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Mary Norton's popular story, The Borrowers, gets the Studio Ghibli treatment, with all the beauty and charm of the studio’s previous films. Arrietty's family are Borrowers - tiny people who quietly liberate their human neighbour's everyday objects and find alternative uses for them. But when Arrietty is discovered by Sho, a human boy, a new friendship blossoms, threatening their peaceful existence. Like Chihiro in Spirited Away, Kiki in Kiki’s Delivery Service and Sophie in Howl's Moving Castle, Arrietty is a typically strong Ghibli heroine who learns life lessons in the face of great adversity. The exquisite animation and lively score combine to create an exciting, fantastical backdrop for this classic story.
A film guide that looks at Arrietty (2011), exploring its key topics and themes through informal discussion.
Endearing combination of computer-animated characters and live action, in which a human family adopt a clothes-wearing, talking mouse.
5–11 years 81 mins
The tiny Clock family live harmoniously with the full size Lenders, but when Ocious Potter wishes to destroy their home, the 'borrowers' strike back!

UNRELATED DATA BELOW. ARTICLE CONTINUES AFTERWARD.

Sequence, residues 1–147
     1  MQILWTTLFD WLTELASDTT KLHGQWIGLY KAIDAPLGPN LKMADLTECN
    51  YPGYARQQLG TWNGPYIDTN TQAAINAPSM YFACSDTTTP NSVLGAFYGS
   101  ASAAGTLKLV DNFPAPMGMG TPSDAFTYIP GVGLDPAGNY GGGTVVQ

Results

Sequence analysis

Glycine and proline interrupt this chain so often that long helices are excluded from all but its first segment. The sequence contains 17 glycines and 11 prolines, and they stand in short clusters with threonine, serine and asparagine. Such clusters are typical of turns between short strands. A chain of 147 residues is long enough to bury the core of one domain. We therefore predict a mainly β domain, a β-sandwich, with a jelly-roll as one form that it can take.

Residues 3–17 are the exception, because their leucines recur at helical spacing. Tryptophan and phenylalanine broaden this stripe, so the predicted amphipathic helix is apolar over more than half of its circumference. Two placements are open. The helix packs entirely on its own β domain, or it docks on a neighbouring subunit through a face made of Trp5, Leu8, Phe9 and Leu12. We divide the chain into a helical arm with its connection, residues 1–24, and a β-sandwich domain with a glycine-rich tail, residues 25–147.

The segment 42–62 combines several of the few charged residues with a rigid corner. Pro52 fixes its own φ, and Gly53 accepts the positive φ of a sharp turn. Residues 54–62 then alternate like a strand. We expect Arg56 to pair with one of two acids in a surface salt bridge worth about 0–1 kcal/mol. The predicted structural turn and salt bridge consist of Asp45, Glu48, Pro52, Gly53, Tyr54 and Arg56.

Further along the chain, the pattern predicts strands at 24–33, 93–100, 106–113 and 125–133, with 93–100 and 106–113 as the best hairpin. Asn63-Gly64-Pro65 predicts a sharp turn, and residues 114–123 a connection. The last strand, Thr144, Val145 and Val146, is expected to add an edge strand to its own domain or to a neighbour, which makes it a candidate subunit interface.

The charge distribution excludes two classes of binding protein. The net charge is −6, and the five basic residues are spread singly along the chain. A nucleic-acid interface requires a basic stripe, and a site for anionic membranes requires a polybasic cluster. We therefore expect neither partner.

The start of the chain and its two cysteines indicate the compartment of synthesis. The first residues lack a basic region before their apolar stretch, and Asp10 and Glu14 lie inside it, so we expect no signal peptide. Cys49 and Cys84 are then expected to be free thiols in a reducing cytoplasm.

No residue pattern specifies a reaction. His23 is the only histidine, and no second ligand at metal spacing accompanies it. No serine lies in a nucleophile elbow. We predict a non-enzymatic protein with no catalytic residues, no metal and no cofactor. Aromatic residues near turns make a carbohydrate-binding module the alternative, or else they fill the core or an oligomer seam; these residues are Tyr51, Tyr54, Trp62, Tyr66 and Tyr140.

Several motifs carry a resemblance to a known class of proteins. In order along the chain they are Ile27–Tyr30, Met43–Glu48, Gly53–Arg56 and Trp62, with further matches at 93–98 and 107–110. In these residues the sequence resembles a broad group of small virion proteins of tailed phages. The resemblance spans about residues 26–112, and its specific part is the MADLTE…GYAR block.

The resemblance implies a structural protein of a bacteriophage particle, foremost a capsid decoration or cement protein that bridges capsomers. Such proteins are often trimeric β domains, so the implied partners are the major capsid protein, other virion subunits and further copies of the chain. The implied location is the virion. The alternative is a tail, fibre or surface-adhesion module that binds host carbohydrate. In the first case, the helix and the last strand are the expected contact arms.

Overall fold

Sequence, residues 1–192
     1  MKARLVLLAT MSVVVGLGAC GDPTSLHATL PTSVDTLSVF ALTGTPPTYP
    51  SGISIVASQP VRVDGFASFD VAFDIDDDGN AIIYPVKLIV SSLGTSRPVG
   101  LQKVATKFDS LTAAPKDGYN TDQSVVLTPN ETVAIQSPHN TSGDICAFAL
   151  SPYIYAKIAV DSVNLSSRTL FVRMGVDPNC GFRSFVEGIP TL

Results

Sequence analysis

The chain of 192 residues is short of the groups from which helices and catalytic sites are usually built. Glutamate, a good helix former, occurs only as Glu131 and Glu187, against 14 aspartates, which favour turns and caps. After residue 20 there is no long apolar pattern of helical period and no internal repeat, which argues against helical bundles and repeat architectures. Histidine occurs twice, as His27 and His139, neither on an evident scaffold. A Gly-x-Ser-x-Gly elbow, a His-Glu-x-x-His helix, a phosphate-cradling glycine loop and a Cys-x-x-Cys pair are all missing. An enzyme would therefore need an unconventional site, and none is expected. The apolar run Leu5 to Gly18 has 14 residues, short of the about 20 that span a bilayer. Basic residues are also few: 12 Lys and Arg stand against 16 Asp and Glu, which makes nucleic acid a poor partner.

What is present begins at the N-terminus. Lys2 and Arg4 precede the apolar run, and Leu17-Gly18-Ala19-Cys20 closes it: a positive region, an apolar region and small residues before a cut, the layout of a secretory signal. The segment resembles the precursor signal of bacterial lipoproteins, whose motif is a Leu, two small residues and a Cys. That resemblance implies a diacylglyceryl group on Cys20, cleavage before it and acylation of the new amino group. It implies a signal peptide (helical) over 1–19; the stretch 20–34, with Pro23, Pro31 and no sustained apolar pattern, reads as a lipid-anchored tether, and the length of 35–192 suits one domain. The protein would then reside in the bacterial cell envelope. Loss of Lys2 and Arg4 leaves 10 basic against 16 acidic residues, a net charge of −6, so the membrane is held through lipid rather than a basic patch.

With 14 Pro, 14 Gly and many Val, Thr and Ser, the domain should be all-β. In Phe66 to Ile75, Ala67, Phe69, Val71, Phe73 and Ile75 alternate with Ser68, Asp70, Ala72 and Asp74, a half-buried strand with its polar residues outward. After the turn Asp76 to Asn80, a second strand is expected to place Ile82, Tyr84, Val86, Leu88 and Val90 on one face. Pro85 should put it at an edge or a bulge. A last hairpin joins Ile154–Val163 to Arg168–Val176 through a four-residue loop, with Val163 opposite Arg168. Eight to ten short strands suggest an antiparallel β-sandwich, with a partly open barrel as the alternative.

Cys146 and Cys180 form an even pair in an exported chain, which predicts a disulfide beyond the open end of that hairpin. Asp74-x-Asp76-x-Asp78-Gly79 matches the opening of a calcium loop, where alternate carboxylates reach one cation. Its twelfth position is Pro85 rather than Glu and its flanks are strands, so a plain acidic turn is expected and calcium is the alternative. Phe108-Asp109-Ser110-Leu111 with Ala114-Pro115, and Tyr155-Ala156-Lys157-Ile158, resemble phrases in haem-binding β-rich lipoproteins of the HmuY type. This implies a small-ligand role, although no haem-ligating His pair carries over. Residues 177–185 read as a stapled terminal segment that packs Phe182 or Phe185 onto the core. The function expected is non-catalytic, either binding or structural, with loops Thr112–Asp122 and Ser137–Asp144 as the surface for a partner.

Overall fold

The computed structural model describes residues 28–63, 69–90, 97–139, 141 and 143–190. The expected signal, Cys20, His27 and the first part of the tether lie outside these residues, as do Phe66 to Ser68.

5–14 years 83 mins
Anime about a 13-year-old witch-in-training who, as part of her calling, has to spend a year living away from her mother in a new town.
5–11 years 103 mins
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Our latest review writing competition asks young people to review films that highlight and celebrate different forms of storytelling from around the world.
With the release of When Marnie Was There, Studio Ghibli's poignant final film, we take a look at what makes their animations so widely adored.
Reading time 5 mins
Watching and discussing film helps develop emotional understanding, while participating in filmmaking can provide a powerful means of self expression.
Films acts as a window into the wider world, and offers contexts and points of view that might otherwise be closed to them.
Films for Primary and Secondary that celebrate identity and teach the importance of belonging and inclusion.
Suitable forAll ages
No. of films30
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